Sanika: My father was a poet and a lot of his books have been published. So in our childhood, we used to hear stories from him and from my Nani. In my heart, I always knew that someday I would also inspire my kids through stories because a story is the best way to inspire or to teach someone. We ourselves learnt a lot from stories. Also, the love for creativity and to learn something new was always there in me from the very beginning. Yes, storytelling was not a real profession as such when we were young but now in recent years, it has evolved as one. I met Shweta, who is the owner of Tickling Tales, and then we went ahead and started Droomplanet where we began the concept of storytelling. As far as puppeteering is concerned, whenever my father told us a story he would make us imagine the story and we used to draw it out. In our times, when we thought about how to tell stories to children in a more effective way we thought of adding puppets. I have not taken any personal training as such and have picked it up from my father. But I always do have the urge to learn more. Even now whatever puppets I make, I still want to learn because there is a lot that I don’t know.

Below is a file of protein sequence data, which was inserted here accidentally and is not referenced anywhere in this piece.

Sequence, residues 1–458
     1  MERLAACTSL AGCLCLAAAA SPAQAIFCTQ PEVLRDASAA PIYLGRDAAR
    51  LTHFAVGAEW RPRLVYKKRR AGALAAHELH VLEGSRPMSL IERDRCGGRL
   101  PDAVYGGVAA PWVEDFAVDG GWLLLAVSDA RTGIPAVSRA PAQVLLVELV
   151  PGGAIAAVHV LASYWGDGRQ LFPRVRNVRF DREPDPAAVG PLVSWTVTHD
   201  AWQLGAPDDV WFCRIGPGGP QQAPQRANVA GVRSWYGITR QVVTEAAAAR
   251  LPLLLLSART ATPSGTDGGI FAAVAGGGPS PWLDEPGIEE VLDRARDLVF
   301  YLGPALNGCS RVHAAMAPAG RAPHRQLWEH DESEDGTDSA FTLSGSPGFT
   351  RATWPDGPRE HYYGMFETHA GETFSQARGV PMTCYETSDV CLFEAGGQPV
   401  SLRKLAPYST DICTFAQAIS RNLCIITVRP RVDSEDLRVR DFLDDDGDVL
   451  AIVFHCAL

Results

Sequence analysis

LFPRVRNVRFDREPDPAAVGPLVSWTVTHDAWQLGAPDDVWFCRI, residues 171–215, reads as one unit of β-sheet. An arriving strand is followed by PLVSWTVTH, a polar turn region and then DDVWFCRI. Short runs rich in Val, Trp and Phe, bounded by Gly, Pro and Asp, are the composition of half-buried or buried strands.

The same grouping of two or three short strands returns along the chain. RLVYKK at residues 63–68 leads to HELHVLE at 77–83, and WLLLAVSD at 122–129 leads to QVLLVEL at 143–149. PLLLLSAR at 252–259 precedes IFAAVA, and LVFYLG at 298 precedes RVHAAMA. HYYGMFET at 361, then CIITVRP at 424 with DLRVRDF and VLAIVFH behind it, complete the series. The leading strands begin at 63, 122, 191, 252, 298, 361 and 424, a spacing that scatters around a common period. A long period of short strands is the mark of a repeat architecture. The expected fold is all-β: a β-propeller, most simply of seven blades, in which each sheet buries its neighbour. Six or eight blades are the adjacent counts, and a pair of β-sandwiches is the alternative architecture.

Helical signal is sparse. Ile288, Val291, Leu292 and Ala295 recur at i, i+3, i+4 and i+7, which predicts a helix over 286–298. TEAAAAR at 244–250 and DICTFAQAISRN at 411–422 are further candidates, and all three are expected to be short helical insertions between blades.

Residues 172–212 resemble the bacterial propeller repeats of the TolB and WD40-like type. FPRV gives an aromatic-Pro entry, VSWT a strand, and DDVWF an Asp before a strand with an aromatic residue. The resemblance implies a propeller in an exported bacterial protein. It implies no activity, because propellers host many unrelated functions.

What kinds of stories do you love telling children? Should they have a moral, should they be reflective of culture, etc.?

Sanika: When we were young, do you remember how we used to learn the two-times table? We used to go in a rhythm of two ones are two, and so on. So according to me, musical stories, instrumental stories, or rhythmic stories leave a different mark on the child’s mind. In fact, my specialty is to narrate stories through the medium of poems, music, or instruments. My concept is to convert the moral stories into a musical or rhyming story because this way, children absorb the moral better.

In the digital age parents find it hard to keep their children away from gadgets. What would you suggest to parents and teachers to inculcate the love for stories?